Bypassing script filters with variable-width encodings

Author: Cheng Peng Su (
Date: August 7, 2006

We’ve all known that the main problem of constructing XSS attacks is
how to obfuscate malicious code. In the following paragraphs I will

attempt to explain the concept of bypassing script filters with
variable-width encodings, and disclose the applications of this
concept to

Hotmail and Yahoo! Mail web-based mail services.

Variable-width encoding Introduction

A variable-width encoding(a.k.a variable-length encoding) is a type of
character encoding scheme in which codes of differing lengths are

used to encode a character set. Most common variable-width encodings
are multibyte encodings, which use varying numbers of bytes to encode

different characters. The first use of multibyte encodings was for the
encoding of Chinese, Japanese and Korean, which have large character

sets well in excess of 256 characters. The Unicode standard has two
variable-width encodings: UTF-8 and UTF-16. The most commonly-used

codes are two-byte codes. The EUC-CN form of GB2312, plus EUC-JP and
EUC-KR, are examples of such two-byte EUC codes. And there are also

some three-byte and four-byte codes.

Example and Discussion

The following is a php file from which I will start to introduce my idea.


<meta http-equiv=”Content-Type” content=”text/html; charset=UTF-8″>

echo “Char $i is <font face=\”xyz”.chr($i).”\”>not </font>”
.”<font face=\” onmouseover=alert($i) notexist=”.chr($i).”\”     >”
// NOTE: 5 space characters following the last \”



For most values of $i, Internet Explorer 6.0(SP2) will display “Char
XXX is not available”. When $i is between 192(0xC0) and 255(0xFF), you

can see “Char XXX is available”. Let’s take $i=0xC0 for example,
consider the following code:

Char 192 is <font face=”xyz[0xC0]”>not </font><font face=”
onmouseover=alert(192) s=[0xC0]”     >available</font>

0xC0 is one of the 32 first bytes of 2-byte sequences (0xC0-0xDF) in
UTF-8. So when IE parses the above code, it will consider 0xC0 and the

following quote as a sequence, and therefore these two pairs of FONT
elements will become one with “xyz[0xC0]”>not </font><font face=” as

the value of FACE parameter. The second 0xC0 will start another 2-byte
sequence as a value of NOTEXIST parameter which is not quoted. Due

to a space character following by the quote, 0xE0-0xEF which are first
bytes of 3-byte sequences, together with the following quote and one

space character will be considered as the value of NOTEXIST parameter.
And each of the first bytes of 4-byte sequences(0xF0-0xF7), 5-byte

sequences(0xF8-0xFB), 6-byte sequences(0xFC-0xFD), together with the
following quote and space characters will be considered as one


Here are the results of the above code parsed by Internet Explorer
6.0(SP2), Firefox and Opera 9.0.1 in different variable-width

encodings respectively. Note that the numbers in the table are the
ranges of “available” characters.

|           | IE        | FF        | OP        |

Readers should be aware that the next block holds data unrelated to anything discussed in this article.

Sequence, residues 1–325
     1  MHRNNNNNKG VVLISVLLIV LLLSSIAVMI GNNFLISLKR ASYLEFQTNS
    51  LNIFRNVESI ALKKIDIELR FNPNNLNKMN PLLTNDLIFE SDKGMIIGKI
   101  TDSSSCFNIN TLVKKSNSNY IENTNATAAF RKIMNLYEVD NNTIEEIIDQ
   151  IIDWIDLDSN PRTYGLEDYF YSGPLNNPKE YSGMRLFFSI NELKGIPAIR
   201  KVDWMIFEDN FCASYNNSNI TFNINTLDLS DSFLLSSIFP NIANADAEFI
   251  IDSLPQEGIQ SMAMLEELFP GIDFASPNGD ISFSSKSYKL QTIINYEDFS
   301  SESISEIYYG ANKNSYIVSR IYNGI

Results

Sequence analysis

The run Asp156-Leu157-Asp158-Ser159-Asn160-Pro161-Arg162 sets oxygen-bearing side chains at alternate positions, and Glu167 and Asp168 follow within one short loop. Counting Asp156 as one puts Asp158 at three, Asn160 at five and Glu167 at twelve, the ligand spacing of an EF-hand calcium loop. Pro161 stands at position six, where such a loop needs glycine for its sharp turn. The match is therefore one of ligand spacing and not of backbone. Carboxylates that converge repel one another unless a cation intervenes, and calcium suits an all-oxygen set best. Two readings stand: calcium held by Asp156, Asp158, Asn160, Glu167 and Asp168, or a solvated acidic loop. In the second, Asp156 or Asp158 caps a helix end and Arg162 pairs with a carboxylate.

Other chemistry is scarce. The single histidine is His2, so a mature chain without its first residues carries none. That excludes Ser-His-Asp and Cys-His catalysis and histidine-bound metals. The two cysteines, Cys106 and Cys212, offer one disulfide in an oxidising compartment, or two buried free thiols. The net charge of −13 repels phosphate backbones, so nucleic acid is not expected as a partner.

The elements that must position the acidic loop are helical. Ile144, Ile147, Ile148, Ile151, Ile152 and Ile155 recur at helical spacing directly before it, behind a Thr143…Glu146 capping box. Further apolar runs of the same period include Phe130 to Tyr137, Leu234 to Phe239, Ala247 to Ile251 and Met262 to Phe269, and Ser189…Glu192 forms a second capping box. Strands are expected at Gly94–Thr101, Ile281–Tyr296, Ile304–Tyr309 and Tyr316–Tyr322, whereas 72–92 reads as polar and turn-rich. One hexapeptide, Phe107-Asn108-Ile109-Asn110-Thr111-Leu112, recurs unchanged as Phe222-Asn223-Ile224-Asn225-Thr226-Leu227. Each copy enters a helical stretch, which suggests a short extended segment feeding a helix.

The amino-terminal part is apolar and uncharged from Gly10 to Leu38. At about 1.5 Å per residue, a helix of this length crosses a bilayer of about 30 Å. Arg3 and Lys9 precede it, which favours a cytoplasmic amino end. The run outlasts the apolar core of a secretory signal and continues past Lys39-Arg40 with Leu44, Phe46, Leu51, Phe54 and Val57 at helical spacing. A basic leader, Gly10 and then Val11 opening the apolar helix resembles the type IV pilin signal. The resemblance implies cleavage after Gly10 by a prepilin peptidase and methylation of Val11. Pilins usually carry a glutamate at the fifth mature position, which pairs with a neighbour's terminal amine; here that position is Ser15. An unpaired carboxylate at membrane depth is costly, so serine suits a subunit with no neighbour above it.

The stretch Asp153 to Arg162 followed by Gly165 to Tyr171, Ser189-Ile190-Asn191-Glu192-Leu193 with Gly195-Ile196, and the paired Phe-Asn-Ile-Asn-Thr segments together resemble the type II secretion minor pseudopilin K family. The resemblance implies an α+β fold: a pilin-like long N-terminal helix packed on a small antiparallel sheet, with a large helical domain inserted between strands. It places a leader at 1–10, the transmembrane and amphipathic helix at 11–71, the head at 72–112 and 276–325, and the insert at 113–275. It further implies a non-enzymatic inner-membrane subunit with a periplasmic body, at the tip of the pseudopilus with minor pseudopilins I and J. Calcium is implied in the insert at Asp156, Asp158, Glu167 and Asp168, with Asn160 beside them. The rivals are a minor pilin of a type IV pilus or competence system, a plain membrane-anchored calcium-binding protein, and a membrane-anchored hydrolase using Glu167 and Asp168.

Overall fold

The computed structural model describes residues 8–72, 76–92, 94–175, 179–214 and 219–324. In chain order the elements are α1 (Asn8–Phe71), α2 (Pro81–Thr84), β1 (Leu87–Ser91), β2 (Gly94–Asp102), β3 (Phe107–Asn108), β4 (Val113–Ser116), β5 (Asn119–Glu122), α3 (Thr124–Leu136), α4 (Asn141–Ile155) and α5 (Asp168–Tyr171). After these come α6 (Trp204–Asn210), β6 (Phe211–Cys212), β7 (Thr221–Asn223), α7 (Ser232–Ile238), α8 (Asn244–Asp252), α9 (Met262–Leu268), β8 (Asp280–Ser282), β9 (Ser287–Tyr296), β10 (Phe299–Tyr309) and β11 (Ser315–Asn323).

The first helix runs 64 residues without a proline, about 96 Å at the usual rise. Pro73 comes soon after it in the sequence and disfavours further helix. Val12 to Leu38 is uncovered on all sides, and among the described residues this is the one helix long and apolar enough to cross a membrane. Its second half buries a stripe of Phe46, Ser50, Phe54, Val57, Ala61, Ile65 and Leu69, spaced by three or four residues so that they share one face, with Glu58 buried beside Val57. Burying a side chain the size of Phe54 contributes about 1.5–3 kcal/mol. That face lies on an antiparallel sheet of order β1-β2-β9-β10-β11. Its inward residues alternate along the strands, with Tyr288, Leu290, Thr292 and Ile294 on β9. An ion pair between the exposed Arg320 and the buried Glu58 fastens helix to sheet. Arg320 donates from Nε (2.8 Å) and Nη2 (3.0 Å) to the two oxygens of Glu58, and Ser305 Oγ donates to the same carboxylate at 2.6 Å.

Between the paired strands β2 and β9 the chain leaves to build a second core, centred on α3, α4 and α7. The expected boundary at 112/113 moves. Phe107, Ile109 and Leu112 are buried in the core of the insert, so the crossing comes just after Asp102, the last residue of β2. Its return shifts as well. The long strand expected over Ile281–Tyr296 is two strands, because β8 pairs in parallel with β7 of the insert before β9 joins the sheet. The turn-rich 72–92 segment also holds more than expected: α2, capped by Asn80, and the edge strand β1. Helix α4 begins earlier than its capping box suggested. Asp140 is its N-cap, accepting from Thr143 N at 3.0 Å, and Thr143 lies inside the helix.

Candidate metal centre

| UTF-8     | 0xC0-0xFF | none      | none      |
| GB2312    | 0x81-0xFE | none      | 0x81-0xFE |
| GB18030   | none      | none      | 0x81-0xFE |
| BIG5      | 0x81-0xFE | none      | 0x81-0xFE |
| EUC-KR    | 0x81-0xFE | none      | 0x81-0xFE |
| EUC-JP    | 0x81-0x8D | 0x8F      | 0x8E      |
|           | 0x8F-0x9F |           | 0x8F      |
|           | 0xA1-0xFE |           | 0xA1-0xFE |
| SHIFT_JIS | 0x81-0x9F | 0x81-0x9F | 0x81-0x9F |
|           | 0xE0-0xFC | 0xE0-0xFC | 0xE0-0xFC |


I don’t think there is a typical exploitation of bypassing script
filters with variable-width encodings, because the exploitation is

flexible. But you just need to remember that if the webapp use
variable-width encodings, you can bury some characters following by

entry, and the buried characters might be very crucial.

The above code might be exploited in general webapps which allow you
to add formatting to your entry in the same way as HTML does. For

example, in some forums, [font=Courier New]message[/font] in your
message will be transformed into <font face=”Courier

Supposing it use UTF-8, we can attack by sending

[font=xyz[0xC0]]buried[/font][font=abc onmouseover=alert()

And it will be tranformed into

<font face=”xyz[0xC0]”>buried</font><font face=”abc
onmouseover=alert() s=[0xC0]”>exploited</font>

Again, the exploitation is very flexible, this FONT-FONT example is
just an enlightening one. The following exploitaion to Yahoo! Mail is

quite different from this one.


Using this method, I have found two XSS vulnerabilities in Hotmail and
Yahoo! Mail web-based mail services. I informed Yahoo and Microsoft

on April 30 and May 12 respectively. And they have patched the vulnerabilities.

Yahoo! Mail XSS

Before I discovered this vulnerability, Yahoo! Mail filtering engine
could block “expression()” syntax in a CSS attribute using a comment

to break up expression( expr/* */ession() ). I used [0x81] with the
following asterisk to make a sequence, so that the second */ would

close the comment. But the filtering engine considered the first two
comment symbol as a pair.

MIME-Version: 1.0
From: user<>
Content-Type: text/html; charset=GB2312
Subject: example

<span style=’width:expr/*[0x81]*/*/ession(alert())’>exploited</span>

Hotmail XSS

This exploitation is almost the same as the example.php.

MIME-Version: 1.0
From: user<>
Content-Type: text/html; charset=SHIFT_JIS
Subject: example

<font face=”[0x81]”></font><font face=” onmouseover=alert()


RFC 3629, the UTF-8 standard(
RSnake:XSS Cheat Sheet(

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